I have to admit that I was getting tired halfway through - reading so much about one person across 300 pages did wear me down a bit, but I'm glad that the focus on Yo's character shifts every few chapters, so that we don't hear the same thing over and over. Mostly, I'm impressed that you can write 300 pages about anyone in fiction, and without a plot. The whole story is set up for the reader to decide what they think of Yo, almost like a court case. The reader is the judge and the various characters with their own chapters are the witnesses. I loved the whole concept, and taking a stand on whether Yo did the right thing or not was not straightforward - by the end of the book, I learned so much about Yo, that I could only form an opinion but not slam the gavel. Overall, I truly enjoyed this very different read, and am eager to read more of Julia Alvarez's work.


I saw this book on the Beach reads display shelf at my local library and will give my librarian a big hug for introducing me to a book I may never have read otherwise.


18 comments:

bermudaonion (Kathy) said...

This does sound like a really unique book.  Your review has intrigued me but I wonder if the lack of plot would bother me.

Athira / Aths said...

I would say the plot is all about finding whether Yo's action is justified or whether the other folks are over-reacting. This is more of a character oriented book, and despite the lack of a plot, it felt right. I hope you get a chance to read this.

Ali Watts said...

Have you read How the Garcia Girls Lost Their Accents? It features the same set of characters but talks about their earlier experiences coming to the United States and dealing with culture wars/building immigrant identities etc. Yo! is described as a spin-off  from HtGGLTA (not quuuiiite a sequel since some of the backstories change... but almost).  It's a classic in undergrad Multicultural Lit classes nowadays

Jill Broderick said...

What a nightmare, being stuck at the airport all that time!  Maybe you got tired of the book because of the circumstances!

zibilee said...

I find the premise of this book to be fascinating, and have always wondered what happens when the author of a fictional book gets pounded by the real life people in their lives for taking liberties like that. It sounds as if this would be a spectacular read for me, and I am glad that you enjoyed it so much. The ideas surrounding this book don't sound all that far fetched, you know?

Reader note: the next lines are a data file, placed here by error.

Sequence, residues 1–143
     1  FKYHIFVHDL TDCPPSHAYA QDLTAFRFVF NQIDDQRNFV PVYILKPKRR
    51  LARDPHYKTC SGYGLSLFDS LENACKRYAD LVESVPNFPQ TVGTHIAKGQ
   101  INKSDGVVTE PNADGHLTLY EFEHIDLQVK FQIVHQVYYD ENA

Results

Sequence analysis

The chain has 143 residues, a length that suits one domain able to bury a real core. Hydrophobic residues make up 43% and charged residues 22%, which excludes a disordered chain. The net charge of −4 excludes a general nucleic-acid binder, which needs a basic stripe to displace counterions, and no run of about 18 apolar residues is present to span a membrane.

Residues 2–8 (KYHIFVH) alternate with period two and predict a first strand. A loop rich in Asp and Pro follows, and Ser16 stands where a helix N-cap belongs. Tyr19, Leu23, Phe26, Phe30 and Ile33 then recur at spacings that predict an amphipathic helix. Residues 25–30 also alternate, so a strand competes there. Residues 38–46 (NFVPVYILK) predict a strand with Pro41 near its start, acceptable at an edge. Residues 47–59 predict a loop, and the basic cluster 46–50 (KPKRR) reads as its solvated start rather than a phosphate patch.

Juju at Tales of Whimsy... said...

Sounds interesting. Reminds me of a tv show I love called October Road. He wrote about his friends and family and they were pissed about it.

Athira / Aths said...

I saw that book! I think I read a spin-off before the real deal, lol. I am def going to get my hand on that book. I love that this book is a classic in the lit class!

Athira / Aths said...

I guess that's right. I was thinking the same thing. At one point, my circumstance started interfering with my reading.

Athira / Aths said...

I know what you mean. There are many times I've wanted to write something personal and then I'm left wondering what will people think if I put then in my piece.

Athira / Aths said...

I haven't heard of that show. I'm going to check it out.

Helen Murdoch said...

I had a similar reaction. I liked this book, but had to take a break from it in the middle. I do like Julia Alvarez as an author though

Marce said...

What an interesting concept, unique indeed. I'm intrigued.

Brenda said...

In the Time of the Butterflies by Julia Alvarez is fantastic!

Emily said...

This sounds really good!  Thanks for such a fantastic review.

Athira / Aths said...

I'm glad I am not the only one who felt that. I do want to read more of Julia Alvarez's books though - she does seem like an author I will enjoy. 

Athira / Aths said...

This was an interesting read for me!

Athira / Aths said...

I have that wishlisted - I hope to get to it soon! 

Athira / Aths said...

You're welcome! I thought this was intriguing!